The Ides Of March was the 74th day in the calendar used by the Roman Empire. That day corresponds to today, March 15. The Ides Of March became famous/infamous because it was the day Julius Caesar was assassinated.
I want to note two countries that are “punching way above their weight” in terms of views of Disaffected Musings: Malta and United Arab Emirates. I have mentioned Malta before; for a few months it ranked first in the world in per capita views of this blog. For 2021, more views have come from there and its population of 515,000 than from China and its population of 1.4 billion or from India and its population of 1.3 billion.
United Arab Emirates is only a few views behind France for the #5 position in views by country so far this year. Views from Malta have only occurred since November, when I resumed posting after the move to Arizona. Views from the UAE began in the middle of last year. Thanks to those of you reading from those countries.
Two pictures from a rainy day with low clouds in the desert:
I think that even on a cloudy day the scenery around here is magnificent. In addition, the occasional cloudy day gives the sunny days even more resonance, in my opinion.
On this day in 1897 the Winton Motor Carriage Company was incorporated. Some historians claim Winton was the first American company to sell automobiles, others dispute that claim. Regardless, Alexander Winton–a Scottish immigrant–was a pioneer in the US auto industry. From 365 Days Of Motoring, a site that is still, unfortunately, not a secure site:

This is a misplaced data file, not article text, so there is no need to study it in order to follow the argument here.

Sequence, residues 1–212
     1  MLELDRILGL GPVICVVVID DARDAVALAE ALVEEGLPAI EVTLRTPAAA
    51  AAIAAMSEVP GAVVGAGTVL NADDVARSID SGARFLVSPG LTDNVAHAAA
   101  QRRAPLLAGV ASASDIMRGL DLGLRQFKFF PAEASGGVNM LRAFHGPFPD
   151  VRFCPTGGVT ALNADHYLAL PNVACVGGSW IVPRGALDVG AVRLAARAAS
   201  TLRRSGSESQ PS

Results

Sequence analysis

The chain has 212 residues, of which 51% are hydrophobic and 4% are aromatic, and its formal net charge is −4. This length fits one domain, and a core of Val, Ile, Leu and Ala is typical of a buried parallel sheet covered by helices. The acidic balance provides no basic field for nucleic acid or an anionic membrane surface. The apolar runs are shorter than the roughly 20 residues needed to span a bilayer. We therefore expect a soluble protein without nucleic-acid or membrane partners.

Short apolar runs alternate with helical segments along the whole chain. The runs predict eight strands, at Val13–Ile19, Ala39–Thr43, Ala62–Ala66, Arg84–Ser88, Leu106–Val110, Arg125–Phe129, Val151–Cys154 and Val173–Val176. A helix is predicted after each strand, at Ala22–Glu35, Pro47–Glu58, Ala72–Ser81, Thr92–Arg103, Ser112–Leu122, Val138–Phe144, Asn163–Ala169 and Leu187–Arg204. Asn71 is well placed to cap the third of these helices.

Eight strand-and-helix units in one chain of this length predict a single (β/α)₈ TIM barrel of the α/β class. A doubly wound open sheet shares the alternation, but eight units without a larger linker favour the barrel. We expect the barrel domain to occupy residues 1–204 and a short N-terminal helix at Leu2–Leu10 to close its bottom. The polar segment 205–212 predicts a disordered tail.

“A fiery Scotsman, Winton took the challenge to build the world’s fastest automobile personally. Like Ransom Olds, he raced his own cars. Racing at Daytona Beach is said to have begun with a match race between Winton and Olds in 1902, which the two men declared a draw. A year later, Winton won a multi-car race at Daytona, driving his Winton Bullet to an average speed of 68 mph and becoming the first person to break the mile-per-minute barrier. Alexander Winton’s personal rivalries did not stop with Ransom Olds. In 1901,
Henry Ford [my mark], after being passed over for a mechanic’s job with Winton’s company, defeated Winton in his first and last car race. Ford’s future notoriety would depend heavily on the publicity won in his encounter with his one-time potential employer. James Ward Packard also maintained a personal rivalry with Winton. After having purchased a Winton, Packard complained about the car’s reliability. Winton reportedly politely urged Packard to build his own car. Packard responded by starting his own company. In the first decade of American car racing Wintons and Packards, driven by Barney Oldfield and Ralph DePalma, respectively, would fuel the sport’s greatest rivalry.”
Winton built cars until 1924, but its subsidiary–Winton Engine Corporation–kept on producing diesel engines and was purchased by General Motors in 1930. Winton became one of the first American manufacturers of diesels in 1912.
In terms of absolute units, Winton production peaked at about 2,500 in 1916. In terms of relative standing, Winton ceased to be among the top ten US producers around 1910. Alexander Winton died in 1932. From standard catalog of® of American Cars, 1805-1942: “…a very important part of American automobile history died on the day Winton did.”
From a Pinterest site, a picture of a Winton from 100 years, a 1921 Touring model:
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